An anarchist, art critic, publisher, gallery director, collector, Félix Fénéon (1861-1944) was a major player in the artistic world at the end of the 19th and beginning of the 20th century. Through his work in favour of artists, his acquisitions, his criticism and his exhibitions, he defended a decompartmentalized vision of creation at the time of the transition of art to modernity.
A passionate collector, Fénéon brings together a considerable number of African and Oceanian works that are displayed on its walls with paintings and drawings by contemporary artists, including Vallotton, Toulouse-Lautrec, Matisse, Bonnard and Braque.
In 1920, he published a survey on "distant arts", which questioned the status of so-called "primitive" sculptures and art objects. A promoter of neo-impressionism, Fénéon ardently supports the works of his pointillist friends, Seurat and Signac in particular.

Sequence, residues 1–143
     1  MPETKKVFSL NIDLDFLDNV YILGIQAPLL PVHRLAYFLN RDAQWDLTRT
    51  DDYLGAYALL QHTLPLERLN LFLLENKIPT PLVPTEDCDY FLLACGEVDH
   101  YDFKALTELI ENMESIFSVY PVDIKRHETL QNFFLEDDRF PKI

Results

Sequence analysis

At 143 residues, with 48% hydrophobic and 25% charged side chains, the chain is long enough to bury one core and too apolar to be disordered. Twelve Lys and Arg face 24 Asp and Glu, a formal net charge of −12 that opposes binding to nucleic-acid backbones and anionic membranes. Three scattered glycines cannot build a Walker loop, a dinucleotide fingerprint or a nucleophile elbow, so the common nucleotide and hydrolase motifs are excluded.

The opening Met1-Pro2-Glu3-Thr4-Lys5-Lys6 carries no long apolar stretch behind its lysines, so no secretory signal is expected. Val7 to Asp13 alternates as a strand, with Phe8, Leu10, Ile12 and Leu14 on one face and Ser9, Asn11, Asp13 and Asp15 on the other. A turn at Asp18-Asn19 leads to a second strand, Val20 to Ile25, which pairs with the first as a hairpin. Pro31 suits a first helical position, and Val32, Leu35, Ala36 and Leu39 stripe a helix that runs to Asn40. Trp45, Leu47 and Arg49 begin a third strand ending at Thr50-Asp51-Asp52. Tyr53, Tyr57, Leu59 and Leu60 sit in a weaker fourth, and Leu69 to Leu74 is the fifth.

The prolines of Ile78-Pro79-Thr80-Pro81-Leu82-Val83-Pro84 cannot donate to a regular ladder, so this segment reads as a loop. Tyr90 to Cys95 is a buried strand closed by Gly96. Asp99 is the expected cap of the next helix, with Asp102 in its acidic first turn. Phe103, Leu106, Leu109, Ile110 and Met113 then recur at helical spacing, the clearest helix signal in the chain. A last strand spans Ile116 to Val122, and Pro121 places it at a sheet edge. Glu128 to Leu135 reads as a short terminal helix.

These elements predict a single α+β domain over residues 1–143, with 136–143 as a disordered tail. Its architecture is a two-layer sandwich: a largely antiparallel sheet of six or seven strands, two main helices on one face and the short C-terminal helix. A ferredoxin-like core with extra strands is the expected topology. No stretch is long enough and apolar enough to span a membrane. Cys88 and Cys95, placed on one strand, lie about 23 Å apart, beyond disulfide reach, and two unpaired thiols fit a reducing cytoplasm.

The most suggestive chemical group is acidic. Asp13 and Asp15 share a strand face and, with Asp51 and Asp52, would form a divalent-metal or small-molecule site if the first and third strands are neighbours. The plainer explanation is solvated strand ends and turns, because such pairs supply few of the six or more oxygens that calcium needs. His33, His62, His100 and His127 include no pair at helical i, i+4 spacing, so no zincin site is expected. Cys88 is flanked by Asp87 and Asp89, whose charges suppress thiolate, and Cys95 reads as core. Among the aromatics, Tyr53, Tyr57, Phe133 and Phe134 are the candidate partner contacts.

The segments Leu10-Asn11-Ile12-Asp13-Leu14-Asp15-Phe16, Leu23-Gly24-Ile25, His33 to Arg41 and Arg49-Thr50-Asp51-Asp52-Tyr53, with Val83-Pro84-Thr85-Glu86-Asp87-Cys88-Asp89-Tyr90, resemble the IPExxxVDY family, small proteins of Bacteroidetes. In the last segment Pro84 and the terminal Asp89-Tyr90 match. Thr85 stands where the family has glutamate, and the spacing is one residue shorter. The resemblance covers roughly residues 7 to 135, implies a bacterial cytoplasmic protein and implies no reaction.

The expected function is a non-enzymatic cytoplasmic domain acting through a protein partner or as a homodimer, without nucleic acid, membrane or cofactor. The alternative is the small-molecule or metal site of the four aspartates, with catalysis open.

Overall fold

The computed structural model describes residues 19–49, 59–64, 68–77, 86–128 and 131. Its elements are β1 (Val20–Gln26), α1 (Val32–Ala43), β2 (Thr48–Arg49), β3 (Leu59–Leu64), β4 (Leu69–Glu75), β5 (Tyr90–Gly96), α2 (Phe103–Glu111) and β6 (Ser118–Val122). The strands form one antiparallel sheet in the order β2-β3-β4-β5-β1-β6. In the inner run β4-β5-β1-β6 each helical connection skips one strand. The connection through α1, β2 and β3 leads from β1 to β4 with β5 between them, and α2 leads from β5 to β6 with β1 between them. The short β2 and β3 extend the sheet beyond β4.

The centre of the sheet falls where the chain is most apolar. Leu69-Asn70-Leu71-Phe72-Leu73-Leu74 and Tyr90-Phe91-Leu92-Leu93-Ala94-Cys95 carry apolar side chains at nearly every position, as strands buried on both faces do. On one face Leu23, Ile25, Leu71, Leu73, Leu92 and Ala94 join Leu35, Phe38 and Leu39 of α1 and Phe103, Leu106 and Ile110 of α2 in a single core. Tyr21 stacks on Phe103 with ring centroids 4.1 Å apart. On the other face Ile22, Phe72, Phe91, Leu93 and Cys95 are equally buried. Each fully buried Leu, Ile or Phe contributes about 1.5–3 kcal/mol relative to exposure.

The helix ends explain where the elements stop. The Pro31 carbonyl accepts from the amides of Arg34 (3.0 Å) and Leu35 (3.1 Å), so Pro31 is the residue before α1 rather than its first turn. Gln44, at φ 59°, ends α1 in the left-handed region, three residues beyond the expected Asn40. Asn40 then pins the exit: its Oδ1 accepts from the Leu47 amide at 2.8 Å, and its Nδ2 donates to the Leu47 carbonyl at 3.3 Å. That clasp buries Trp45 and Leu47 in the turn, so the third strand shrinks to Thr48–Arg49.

A committed anarchist, he was also an active member of the circle of La Revue blanche before getting involved, in 1906, alongside the fauves and futurists, particularly in 1912, when, as artistic director of the Bernheim-Jeune gallery, he organized the first exhibition of futurists in Paris.
The relevance of this discreet man's eye and choices is shown through a selection of major works that he has loved, defended and collected throughout his life. It allows us to bring together different techniques, periods and continents in a vision that is faithful to Fénéon's borderless vision.
Exhibition "Félix Fénéon - Critique, collector, anarchist" Paris, musée du quai Branly - Jacques-Chirac from May 28 to September 29, 2019 /Paris, musée de l'Orangerie, from October 16, 2019 to 27 January 2020.
288 pages, 250 illustrations
Rmn-Grand Palais / Musée d'Orsay et le musée du quai Branly Co-publishing